It is with great sadness that we announce the death of the British Egyptologist Dr Diana Magee (DPhil Oxf). Diana was a huge part of our lives here in the Griffith Institute, her considerable contribution to the Porter & Moss, as well as the many hours of dedicated work on the creation and expansion of our archive catalogues, improving access to the Jaroslav Černý, Norman and Nina de Garis Davies, Battiscombe Gunn and Percy Newberry manuscripts in particular. Diana's tireless effort will continue to benefit many scholars for years to come. Diana was a lady of firm principle, who did not suffer fools gladly, but she would happily give her time to anyone interested in her beloved Asyut and was a staunch believer in the work and values of the Griffith Institute. We shall miss her greatly. The funeral will be a small private service just outside Oxford, next week. Diana left instructions that there should be no flowers, but donations to the Royal National Lifeboats would be much appreciated.

Photograph of Minnie Burton

Watercolours made in the tombs of Djehutihotep and Djehutinakht at Deir el-Bersha have been presented within layered reconstructions. A commentary and technical information are also provided for each of the artworks. These watercolours were part of the documentation created by the Egypt Exploration Fund’s survey to the site in the early 1890s. This team was directed by Percy Newberry, who was also responsible for taking a young 17-year-old Howard Carter to Egypt. Many of the watercolours showcased here were painted by Carter. See more.

Harry and Minnie Burton

The 1922-1926 personal diary of Minnie Burton, wife of the British archaeologist and photographer Harry Burton, which was acquired thanks to two grants from the Friends of the National Libraries and the Heritage Lottery Fund, has been fully digitized and transcribed. See the complete online publication.

Friends of the National Libraries Heritage Lottery Fund

Burton p0744 colourised

In collaboration with SC Exhibitions and Dynamichrome, a selection of Harry Burton's photographs in the Griffith Institute Archive has been colourised. These images will be featured in 'The Discovery of King Tut' exhibition, opening in New York on the 21st November 2015. See more.

Photograph of Minnie Burton

On the 14th of July 2015 the Griffith Institute acquired the 1922-26 personal diary of Minnie Burton, thanks to two generous grants from the Friends of the National Libraries and the Heritage Lottery Fund. Minnie was the wife of the British archaeologist and photographer Harry Burton, who worked with Howard Carter during the excavation of the tomb of Tutankhamun. See more.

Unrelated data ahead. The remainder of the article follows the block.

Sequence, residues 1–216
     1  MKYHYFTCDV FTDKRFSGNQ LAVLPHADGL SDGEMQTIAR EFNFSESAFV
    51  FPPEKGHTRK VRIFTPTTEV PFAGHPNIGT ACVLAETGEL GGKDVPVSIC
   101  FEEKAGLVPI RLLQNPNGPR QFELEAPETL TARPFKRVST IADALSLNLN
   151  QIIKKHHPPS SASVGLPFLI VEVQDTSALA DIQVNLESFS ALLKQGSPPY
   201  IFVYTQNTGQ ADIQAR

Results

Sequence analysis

Friends of the National Libraries Heritage Lottery Fund

Photograph of P. Newberry

Following the receipt of a cataloguing grant from The National Archives we have hired an Archivist to catalogue the papers of Percy Newberry. You can keep up to date with the project and find out about interesting items from the collection on Facebook as well as this project page.

Photograph of P. Newberry

We are delighted to announce that The National Archives has awarded a cataloguing grant to the Griffith Institute in order to employ a professional archivist for one year to catalogue the papers of the British Egyptologist, Percy Edward Newberry (1869-1949). See more

Photograph of T. DuQuesne

Three months ago, on the 17th of April 2014, the British Egyptologist Terence DuQuesne passed away. He very generously bequeathed his research papers to the Griffith Institute, where they will be soon available for consultation. See more.

One connected vision

We have now launched test cases for the new Digital Topographical Bibliography. Alongside searchable PDFs of the current print version, vols. 1-7, this website presents the new framework of the project and samples of new data focusing on three case-studies (Tuna el-Gebel, Tell el-Farʿun and royal statues of provenance not known).
We would welcome feedback from users on the general appearance and style, ease of access and navigation within the case-studies, as well as thoughts and comments on any aspect of the presentation and content. See more.

PM spinces

As part of the digitization of the Topographical Bibliography, the first seven volumes have been scanned and made freely available as searchable PDFs. We are very pleased to offer them to the research community as a digital legacy to those who intensively worked on this project for over a century. See more.

Photograph of Jac. J. Janssen

Two years ago on the 23rd of August 2011, Professor Jac. J. Janssen passed away. In his memory, we are pleased to announce that his papers will be soon available for consultation at the Griffith Institute. See more.

Excerpt from the MSS Bracci

To celebrate Pietro Bracci's birthday in the month of June, we present here scans of some individual pages of an unpublished manuscript on Egyptian hieroglyphs which was believed to be lost.

The page title of the new identified album

A previously unknown album of drawings by Amelia Edwards has recently been identified in the Archive. To celebrate her birthday on June 6th, we have the pleasure to publish it online here.